SelectedImageIndex

This property gets or sets the image list index value of the image that is displayed when the tree node is in the selected state.

TreeView’s ImageList property must be set for this property to function correctly. If not set, the node will use the default index determined by the TreeView’s SelectedImageIndex property.

To remove the Image from the node, set the node’s SelectedImageIndex property to –1.

StateImageIndex

This property gets or sets the index of the image that is used to indicate the state of the TreeNode when the parent TreeView has its CheckBoxes property set to false.

TreeView’s StateImageList property must be set for this property to function correctly. To remove the Image from the node, set the node’s StateImageList property to –1.

Example:

StateImageIndex

In this example the StateImageIndex is used to signify a problem with a file.

Warning: If the TreeView’s CheckBoxes is set to True, the StateImage will be displayed instead of the CheckBox. 

Tag

This property gets or sets the object that contains data about the tree node.

This property can be extremely useful for linking the Node to an actual object. By using the Tag property, you can easily reference the original object. For example, if the nodes of a TreeView consists of services and you want to start / stop a service by double clicking on the node, you can assign the service object to the node’s Tag property and as a result it simplifies the event handling.

$treeviewServices_NodeMouseDoubleClick=[System.Windows.Forms.TreeNodeMouseClickEventHandler]{
#Event Argument: $_ = [System.Windows.Forms.TreeNodeMouseClickEventArgs]
    $service = $_.Node.Tag
    
    if($service -ne $null)#Is there is a service object?
    {
        if($service.Status -eq 'Running')
        {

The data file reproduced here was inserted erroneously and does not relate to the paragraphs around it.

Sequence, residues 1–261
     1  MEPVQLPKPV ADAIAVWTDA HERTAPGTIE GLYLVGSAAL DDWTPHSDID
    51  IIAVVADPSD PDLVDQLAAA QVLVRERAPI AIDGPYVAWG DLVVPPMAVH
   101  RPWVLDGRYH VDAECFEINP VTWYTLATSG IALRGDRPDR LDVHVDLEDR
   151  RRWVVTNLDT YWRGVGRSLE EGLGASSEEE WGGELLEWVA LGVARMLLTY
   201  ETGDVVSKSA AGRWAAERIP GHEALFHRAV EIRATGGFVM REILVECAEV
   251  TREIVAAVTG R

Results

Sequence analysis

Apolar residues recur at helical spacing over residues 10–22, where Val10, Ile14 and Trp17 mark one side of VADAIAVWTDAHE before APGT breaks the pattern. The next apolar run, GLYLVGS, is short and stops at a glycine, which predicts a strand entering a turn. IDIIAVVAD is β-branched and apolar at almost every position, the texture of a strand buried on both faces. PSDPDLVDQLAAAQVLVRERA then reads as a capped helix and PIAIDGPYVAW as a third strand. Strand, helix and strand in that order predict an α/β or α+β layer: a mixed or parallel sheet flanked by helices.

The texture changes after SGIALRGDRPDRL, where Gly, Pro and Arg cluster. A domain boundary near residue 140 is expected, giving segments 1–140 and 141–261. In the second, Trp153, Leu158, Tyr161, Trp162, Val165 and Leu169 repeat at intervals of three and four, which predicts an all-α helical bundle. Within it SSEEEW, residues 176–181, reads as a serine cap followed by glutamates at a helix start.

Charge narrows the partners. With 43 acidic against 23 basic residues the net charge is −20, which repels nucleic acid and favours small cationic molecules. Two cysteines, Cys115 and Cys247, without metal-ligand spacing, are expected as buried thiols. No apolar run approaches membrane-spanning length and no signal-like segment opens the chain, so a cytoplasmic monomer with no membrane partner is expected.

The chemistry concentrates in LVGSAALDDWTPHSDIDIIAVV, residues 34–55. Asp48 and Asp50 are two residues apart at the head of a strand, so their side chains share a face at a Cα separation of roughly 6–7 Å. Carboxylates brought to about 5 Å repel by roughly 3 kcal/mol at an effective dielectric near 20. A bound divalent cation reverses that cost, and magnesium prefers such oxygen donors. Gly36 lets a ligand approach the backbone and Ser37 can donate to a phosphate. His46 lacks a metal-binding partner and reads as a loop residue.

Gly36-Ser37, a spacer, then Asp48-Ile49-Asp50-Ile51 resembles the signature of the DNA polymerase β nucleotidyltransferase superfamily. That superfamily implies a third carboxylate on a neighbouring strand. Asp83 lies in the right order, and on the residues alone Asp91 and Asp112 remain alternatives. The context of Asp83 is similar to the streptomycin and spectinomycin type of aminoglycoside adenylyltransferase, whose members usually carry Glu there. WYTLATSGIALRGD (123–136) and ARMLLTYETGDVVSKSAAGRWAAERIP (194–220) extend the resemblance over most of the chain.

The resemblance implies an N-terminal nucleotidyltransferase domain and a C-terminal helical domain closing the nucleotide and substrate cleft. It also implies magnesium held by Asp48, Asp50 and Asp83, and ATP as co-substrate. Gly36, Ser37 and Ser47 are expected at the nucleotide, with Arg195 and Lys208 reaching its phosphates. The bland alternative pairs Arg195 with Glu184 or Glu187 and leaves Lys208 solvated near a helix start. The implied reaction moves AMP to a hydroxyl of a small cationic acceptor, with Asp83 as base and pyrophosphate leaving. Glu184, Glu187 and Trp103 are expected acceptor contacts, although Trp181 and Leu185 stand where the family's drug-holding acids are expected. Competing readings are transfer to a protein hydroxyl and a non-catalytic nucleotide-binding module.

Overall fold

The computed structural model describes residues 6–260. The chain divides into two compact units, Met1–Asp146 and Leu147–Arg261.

if($service.CanPauseAndContinue)
            {
                #$service.Pause()
                Write-Host 'Pause Service'
            }
            else
            {
                #$service.Stop()
                Write-Host 'Stop Service'
            }
        }
        elseif($service.Status -eq 'Paused')
        {
            #$service.Continue()
            Write-Host 'Continue Service'
        }
        else
        {
            #$service.Start()    
            Write-Host 'Start Service'
        }
    }
    
}

 

Text

This property gets or sets the text displayed in the label of the tree node.

ToolTipText

This property gets or sets the text that appears when the mouse pointer hovers over a TreeNode. The TreeView’s ShowNodeTooltips property must be set to True in order for the tooltips to display.

$node.ToolTipText = 'This node has a tooltip!' 
 

Methods:

BeginEdit

This method initiates the editing of the tree node label.

$buttonRename_Click={
    if($treeview1.SelectedNode -ne $null)
    {
        $treeview1.SelectedNode.BeginEdit()
    }
}

 

Collapse

This method collapses the TreeNode and optionally collapses its children.

#Collapse All Children
$treeview1.SelectedNode.Collapse()

#Collapse only this node and leave children
$treeview1.SelectedNode.Collapse($false)

EndEdit

This method ends the editing of the tree node label.

if($treeview1.SelectedNode.IsEditing)
{
    $treeview1.SelectedNode.EndEdit()    
}

 

EnsureVisible

This method ensures that the tree node is visible, expanding tree nodes and scrolling the tree view control as necessary.

$treeview1.SelectedNode.EnsureVisible()

Expand

This method expands the tree node.

$treeview1.SelectedNode.Expand()

ExpandAll

This method expands all the child tree nodes.

$treeview1.SelectedNode.ExpandAll()

Remove

This method removes the current tree node from the tree view control.

$treeview1.SelectedNode.Remove()

Toggle

This method toggles the tree node to either the expanded or collapsed state.

$treeview1.SelectedNode.Toggle()

 

 Download the TreeView Samples from the downloads section.